Your Doctor's Role in Helping You Change Your Health Habits

Studies show mixed results on effectiveness of counseling; here's the key to success.

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I once used to see patients in a clinical practice located next door to a popular fast food restaurant. My office hours usually began in the early afternoon and ended about 9 p.m. Whenever I was pressed for time or hadn't packed a dinner, I'd run over to the restaurant to grab a burger, french fries, and soda, and many of my colleagues did the same. As we exchanged guilty looks while sneaking in through the back entrance of the office, I'd often find myself wondering if my counseling patients to eat healthier foods was actually making any difference.

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The answer, it turns out, is both yes and no. In this week's issue of the Annals of Internal Medicine, Jennifer Lin (no relation) and her colleagues at Kaiser Permanente's Center for Health Research in Portland, Oregon reviewed the latest scientific evidence on how effective medical counseling really is in terms of getting patients to improve their eating and exercise behaviors. Their analysis, which included data from 73 studies, found that counseling does, in fact, help patients make changes that lead to modest improvements in their health. They were able to lose excess weight, increase their activity, and improve their blood pressure and cholesterol levels. While few studies followed patients for more than a year, one long-term study indicated that those with mildly elevated blood pressure who were extensively counseled on switching to a low-sodium diet had a reduced risk of heart attacks and heart failure 10 to 15 years later.

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There is, though, a catch: The researchers found that in order to achieve these changes, patients needed far more counseling time than doctors or nurses can offer in our current healthcare system. "Low-intensity" counseling—a total of 30 minutes or less which is typical for most patients—appeared in the study to have no beneficial effect. Only "medium" (totaling up to six hours) and "high" intensity (more than six hours) counseling made a significant difference, and these sessions were typically led by specially trained health educators rather than the patients' own physicians who may not be as well trained in dispensing specialized nutrition or fitness advice. While study participants got these services for free, those patients in the real world often find that their health insurance will only pay for counseling if they have diabetes or heart disease.

In the absence of sweeping health insurance reforms—that were, unfortunately, not included in the Affordable Care Act—some people have suggested that closer monitoring of at-risk patients could potentially substitute for one-on-one interactions with health counselors. As I mentioned in a previous blog post, remote monitoring technology that transmits information such as blood pressure readings and weight measurements from the patient's home to the doctor's office has been shown in some studies to reduce hospitalizations for heart failure—but in others, it hasn't been found to help. In a multi-center randomized trial of more than 1600 heart failure patients recently published in the New England Journal of Medicine, patients who were instructed to use an interactive telephone voice-response system to provide daily information to their physicians about heart failure symptoms and weight were just as likely to die or be re-admitted to the hospital within 6 months than similar patients who received the usual care.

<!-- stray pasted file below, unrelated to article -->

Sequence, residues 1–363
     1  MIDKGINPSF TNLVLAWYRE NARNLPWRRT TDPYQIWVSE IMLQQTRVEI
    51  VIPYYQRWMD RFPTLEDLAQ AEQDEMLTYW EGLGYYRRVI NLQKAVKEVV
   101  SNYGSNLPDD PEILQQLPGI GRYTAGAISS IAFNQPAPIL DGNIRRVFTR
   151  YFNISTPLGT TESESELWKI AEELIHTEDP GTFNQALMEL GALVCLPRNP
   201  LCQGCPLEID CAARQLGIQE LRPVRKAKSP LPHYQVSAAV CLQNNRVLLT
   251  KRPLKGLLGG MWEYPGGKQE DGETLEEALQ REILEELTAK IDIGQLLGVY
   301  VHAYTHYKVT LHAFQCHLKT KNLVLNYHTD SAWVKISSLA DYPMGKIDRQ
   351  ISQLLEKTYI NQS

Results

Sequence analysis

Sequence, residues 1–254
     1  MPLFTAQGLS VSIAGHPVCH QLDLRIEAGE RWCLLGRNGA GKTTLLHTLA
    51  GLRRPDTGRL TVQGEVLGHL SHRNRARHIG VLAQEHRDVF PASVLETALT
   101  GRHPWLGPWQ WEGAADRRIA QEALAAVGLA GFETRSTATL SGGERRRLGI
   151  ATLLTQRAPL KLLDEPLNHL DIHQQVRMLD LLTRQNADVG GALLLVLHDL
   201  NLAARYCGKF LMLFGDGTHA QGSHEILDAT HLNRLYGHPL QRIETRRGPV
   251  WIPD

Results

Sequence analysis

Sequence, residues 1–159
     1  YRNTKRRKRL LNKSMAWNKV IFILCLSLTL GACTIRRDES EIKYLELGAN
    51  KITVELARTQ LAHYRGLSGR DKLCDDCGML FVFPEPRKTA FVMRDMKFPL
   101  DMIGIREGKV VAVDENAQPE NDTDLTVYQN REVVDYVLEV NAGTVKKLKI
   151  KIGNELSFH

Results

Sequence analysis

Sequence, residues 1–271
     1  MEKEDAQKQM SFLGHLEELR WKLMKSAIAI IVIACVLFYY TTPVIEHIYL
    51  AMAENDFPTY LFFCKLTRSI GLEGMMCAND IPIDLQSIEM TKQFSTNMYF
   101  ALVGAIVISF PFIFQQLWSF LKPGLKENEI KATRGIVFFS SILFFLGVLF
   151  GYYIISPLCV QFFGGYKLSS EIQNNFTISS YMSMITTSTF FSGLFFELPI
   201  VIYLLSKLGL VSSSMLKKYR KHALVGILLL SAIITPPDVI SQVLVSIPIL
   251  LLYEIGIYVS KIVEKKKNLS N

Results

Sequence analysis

One explanation for these disappointing results is that nearly 1 in 7 patients who were instructed to use the monitoring system never made a single telephone call, and little more than half of the patients were still calling the system at least three times per week by the end of the study. It's possible that perhaps the outcomes could have been improved if the doctors in the study kept closer tabs on patients who weren't calling into the system. But maybe not, since these particular patients may have been just as reluctant to change their health habits in response to their worsening condition.

The bottom line is that there is no one-size-fits-all solution to changing health-related behaviors. What causes you to quit smoking, have a salad instead of a steak with all the trimmings, or start walking for 30 minutes a day, might not have any effect on someone else. As a family doctor, I see it as my job not only to advise my patients about what sorts of behaviors are good or bad for their health, but to work with them to learn what it will take to motivate them to make beneficial lifestyle changes. If there's a fast food restaurant next door to where they work, for example, I'd tell them to consider choosing what I finally did: Leave all their cash at home and force themselves to pack a meal instead.